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Out-of-Pocket Healthcare Costs Double with Dementia Diagnosis

Out-of-pocket healthcare costs went from around $4,000 to an average of $8,000 within eight years following a dementia diagnosis.

A dementia diagnosis is going to cost you, with new data from the University of Michigan showing that individual personal wealth dropped after a diagnosis while out-of-pocket healthcare costs nearly doubled.

The data, published in JAMA Internal Medicine, showed personal wealth decreasing from around $79,000 at diagnosis to $58,000 two years after. Meanwhile, out-of-pocket healthcare costs soared from $4,000 at diagnosis to $8,000 after a dementia diagnosis.

This is in stark contrast to people of similar age and health status without a dementia diagnosis, the researchers added. The study, which looked at wealth and out-of-pocket healthcare costs for people with and without dementia at two- and eight-year intervals shows just how financially detrimental the condition can be.

“What we’re really seeing here is two very different situations over a relatively short time for very similar families, determined just by a single diagnosis,” Cathleen Connell, PhD, a U-M School of Public Health researcher who worked on the study, said in a statement. “It’s a really striking comparison and may be driven largely by the ‘spend down’ of assets by many families in order to qualify for Medicaid coverage of long-term care in a nursing home.”

The researchers looked at data from the Health and Retirement Study, which examined trends for 2,400 adults who had the onset of dementia and 2,400 adults with similar healthcare and socioeconomic status but no dementia diagnosis. Overall, the former group saw a heightened cost burden following their diagnosis.

Both groups had around the same net worth and out-of-pocket healthcare costs going into the study. However, that net worth dropped while healthcare costs increased for those with a dementia diagnosis. They remained generally unchanged for the group who did not receive a dementia diagnosis.

This trend persisted as time wore on. After eight years, people with dementia saw their wealth drop to an average of $30,500 and had spent twice as much as their peers on healthcare expenses.

The researchers also noted a doubling of Medicaid enrollment among the dementia group after eight years, which can be a proxy for financial distress, they said.

And it’s not just a financial toll that dementia can take; there were also stark differences in how—or from whom—study participants received care. Overall, people with dementia needed more from their family caregivers and from other providers, like nursing home providers, than their peers.

The analysis showed that people with dementia needed three times the support from their family caregivers and were five times more likely to enter a nursing home two years after diagnosis than those without dementia.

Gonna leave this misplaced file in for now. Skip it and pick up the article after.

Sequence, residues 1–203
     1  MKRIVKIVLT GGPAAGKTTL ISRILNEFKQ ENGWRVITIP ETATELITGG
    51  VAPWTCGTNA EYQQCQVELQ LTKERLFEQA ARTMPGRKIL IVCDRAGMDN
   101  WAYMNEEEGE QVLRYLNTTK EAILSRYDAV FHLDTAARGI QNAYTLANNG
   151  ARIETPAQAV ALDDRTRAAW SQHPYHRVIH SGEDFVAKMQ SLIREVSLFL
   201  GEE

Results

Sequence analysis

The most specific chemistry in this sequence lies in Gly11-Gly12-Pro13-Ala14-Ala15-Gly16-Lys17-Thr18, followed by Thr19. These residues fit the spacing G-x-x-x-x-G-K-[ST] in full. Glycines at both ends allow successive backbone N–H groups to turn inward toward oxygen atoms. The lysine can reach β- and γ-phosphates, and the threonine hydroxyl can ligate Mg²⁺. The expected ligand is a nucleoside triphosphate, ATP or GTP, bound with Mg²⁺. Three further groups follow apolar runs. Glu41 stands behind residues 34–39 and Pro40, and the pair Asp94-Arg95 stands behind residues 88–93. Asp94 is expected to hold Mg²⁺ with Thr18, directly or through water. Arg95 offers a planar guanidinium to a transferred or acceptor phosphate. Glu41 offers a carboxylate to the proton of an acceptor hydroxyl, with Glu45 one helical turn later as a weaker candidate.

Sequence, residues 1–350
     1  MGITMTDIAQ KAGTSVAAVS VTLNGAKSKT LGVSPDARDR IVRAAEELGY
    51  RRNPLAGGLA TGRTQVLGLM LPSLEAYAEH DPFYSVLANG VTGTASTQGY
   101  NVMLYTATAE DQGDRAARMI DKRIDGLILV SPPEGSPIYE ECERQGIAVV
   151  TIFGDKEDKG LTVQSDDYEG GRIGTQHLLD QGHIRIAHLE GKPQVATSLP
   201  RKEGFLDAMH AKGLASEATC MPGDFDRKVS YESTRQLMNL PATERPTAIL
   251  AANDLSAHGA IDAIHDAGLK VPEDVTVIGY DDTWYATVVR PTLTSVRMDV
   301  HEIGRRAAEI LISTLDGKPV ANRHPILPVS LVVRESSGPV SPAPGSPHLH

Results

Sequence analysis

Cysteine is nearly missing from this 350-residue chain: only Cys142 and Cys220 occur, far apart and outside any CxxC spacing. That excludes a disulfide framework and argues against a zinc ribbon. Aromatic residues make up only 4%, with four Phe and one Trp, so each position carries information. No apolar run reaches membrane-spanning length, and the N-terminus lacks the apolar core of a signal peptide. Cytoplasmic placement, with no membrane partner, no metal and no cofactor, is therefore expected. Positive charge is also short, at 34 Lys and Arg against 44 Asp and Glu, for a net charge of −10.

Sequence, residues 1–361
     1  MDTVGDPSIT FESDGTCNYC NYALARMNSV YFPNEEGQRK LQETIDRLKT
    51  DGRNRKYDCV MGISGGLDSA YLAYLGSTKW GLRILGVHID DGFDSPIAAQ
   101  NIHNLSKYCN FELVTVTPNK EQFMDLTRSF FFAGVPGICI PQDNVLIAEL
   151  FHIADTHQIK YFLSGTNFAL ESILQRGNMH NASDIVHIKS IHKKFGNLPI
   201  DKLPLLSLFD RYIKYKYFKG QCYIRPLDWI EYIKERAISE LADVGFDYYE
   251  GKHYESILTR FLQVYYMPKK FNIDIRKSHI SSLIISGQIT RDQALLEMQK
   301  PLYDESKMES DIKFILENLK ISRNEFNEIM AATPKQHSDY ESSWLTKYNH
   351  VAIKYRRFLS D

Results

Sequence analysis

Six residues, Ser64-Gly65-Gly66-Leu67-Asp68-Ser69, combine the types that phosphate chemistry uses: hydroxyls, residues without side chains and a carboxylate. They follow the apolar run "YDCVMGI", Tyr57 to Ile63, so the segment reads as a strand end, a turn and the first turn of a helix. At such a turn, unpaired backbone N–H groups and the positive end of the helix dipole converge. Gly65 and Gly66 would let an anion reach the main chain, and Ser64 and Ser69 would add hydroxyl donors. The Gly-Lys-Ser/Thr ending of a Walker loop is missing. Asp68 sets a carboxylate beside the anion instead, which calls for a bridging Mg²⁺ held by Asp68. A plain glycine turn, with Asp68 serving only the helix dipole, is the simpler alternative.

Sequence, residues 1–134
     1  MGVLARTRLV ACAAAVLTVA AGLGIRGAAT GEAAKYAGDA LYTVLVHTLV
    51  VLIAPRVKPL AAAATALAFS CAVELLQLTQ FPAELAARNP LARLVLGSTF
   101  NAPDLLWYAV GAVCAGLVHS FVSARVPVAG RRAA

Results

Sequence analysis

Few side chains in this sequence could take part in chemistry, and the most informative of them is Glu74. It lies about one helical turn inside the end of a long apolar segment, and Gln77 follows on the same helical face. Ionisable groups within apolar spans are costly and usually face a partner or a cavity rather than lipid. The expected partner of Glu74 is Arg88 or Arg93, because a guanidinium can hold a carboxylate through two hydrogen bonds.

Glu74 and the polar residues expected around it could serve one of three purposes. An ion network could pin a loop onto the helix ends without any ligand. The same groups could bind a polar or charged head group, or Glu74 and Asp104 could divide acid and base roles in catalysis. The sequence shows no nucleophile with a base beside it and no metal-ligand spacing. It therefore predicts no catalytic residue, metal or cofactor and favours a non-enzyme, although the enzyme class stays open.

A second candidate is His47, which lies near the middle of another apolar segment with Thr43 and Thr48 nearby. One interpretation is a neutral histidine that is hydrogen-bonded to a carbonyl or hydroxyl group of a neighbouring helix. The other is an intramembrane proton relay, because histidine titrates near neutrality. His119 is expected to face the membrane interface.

Nursing home care, plus other types of care like care from a family caregiver or home healthcare provider, have their costs. Nursing homes are expensive, as are home healthcare providers, while family caregivers usually work without pay, according to HwaJung Choi, PhD, the study’s lead author and a health economist and research associate professor in U-M Medical School’s Department of Internal Medicine.

“What we found regarding unpaid caregiving from family and others is the most striking and persistent care use difference, with 45 hours per month on average for people with dementia, compared with 13 hours for those without, by the end of two years,” Choi, who is also a faculty associate at U-M’s Institute for Social Research, said in a statement. “The difference remains sustained at that level across eight years.”

Having family members without disabilities close by could make all the difference in healthcare utilization, the researchers found. For patients with dementia and without a spouse or child, the odds of living in a nursing home by their eighth year following diagnosis were high—about one in three found themselves in this situation.

Around one in four people with dementia with either a disabled spouse or a child living nearby, or no spouse but a child living nearby, were also likely to live in a nursing home after eight years following a dementia diagnosis.

Living with a spouse, regardless of disability status, or with a spouse and child upon diagnosis helped mitigate the odds a dementia patient would eventually live in a nursing home, the data also showed.

These findings indicated some policies that could help support people living with dementia. For one thing, the team suggested models that keep dementia patients in their home, or at least facilities that are not nursing homes, will be key, but it could leave Medicare shouldering a greater cost burden.

They also gave the nod to programs aimed at supporting family caregivers, who the team observed taking on significant responsibility caring for loved ones with dementia. In 2024, CMS will roll out programs to help clinics give better family education to caregivers, while a pilot unveiled in July 2023 aims to support family caregivers of dementia patients.

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